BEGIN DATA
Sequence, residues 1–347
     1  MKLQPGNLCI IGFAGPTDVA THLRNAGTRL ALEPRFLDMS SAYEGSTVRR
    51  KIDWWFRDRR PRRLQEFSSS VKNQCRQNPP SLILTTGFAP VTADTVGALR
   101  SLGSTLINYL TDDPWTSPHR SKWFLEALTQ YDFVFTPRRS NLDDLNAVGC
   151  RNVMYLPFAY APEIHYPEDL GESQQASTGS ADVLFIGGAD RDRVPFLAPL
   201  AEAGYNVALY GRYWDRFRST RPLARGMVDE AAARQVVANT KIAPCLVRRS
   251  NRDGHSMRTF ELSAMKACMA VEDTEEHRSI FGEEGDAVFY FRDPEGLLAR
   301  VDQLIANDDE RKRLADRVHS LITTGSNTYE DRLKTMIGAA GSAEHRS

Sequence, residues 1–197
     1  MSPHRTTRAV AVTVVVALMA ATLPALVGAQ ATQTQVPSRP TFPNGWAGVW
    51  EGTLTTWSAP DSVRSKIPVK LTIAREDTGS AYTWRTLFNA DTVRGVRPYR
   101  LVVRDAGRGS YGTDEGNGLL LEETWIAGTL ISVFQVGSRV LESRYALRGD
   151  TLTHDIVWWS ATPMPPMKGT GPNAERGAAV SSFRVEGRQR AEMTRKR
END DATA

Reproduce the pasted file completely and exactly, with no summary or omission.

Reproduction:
Sequence, residues 1–347
     1  MKLQPGNLCI IGFAGPTDVA THLRNAGTRL ALEPRFLDMS SAYEGSTVRR
    51  KIDWWFRDRR PRRLQEFSSS VKNQCRQNPP SLILTTGFAP VTADTVGALR
   101  SLGSTLINYL TDDPWTSPHR SKWFLEALTQ YDFVFTPRRS NLDDLNAVGC
   151  RNVMYLPFAY APEIHYPEDL GESQQASTGS ADVLFIGGAD RDRVPFLAPL
   201  AEAGYNVALY GRYWDRFRST RPLARGMVDE AAARQVVANT KIAPCLVRRS
   251  NRDGHSMRTF ELSAMKACMA VEDTEEHRSI FGEEGDAVFY FRDPEGLLAR
   301  VDQLIANDDE RKRLADRVHS LITTGSNTYE DRLKTMIGAA GSAEHRS

Sequence, residues 1–197
     1  MSPHRTTRAV AVTVVVALMA ATLPALVGAQ ATQTQVPSRP TFPNGWAGVW
    51  EGTLTTWSAP DSVRSKIPVK LTIAREDTGS AYTWRTLFNA DTVRGVRPYR
   101  LVVRDAGRGS YGTDEGNGLL LEETWIAGTL ISVFQVGSRV LESRYALRGD
   151  TLTHDIVWWS ATPMPPMKGT GPNAERGAAV SSFRVEGRQR AEMTRKR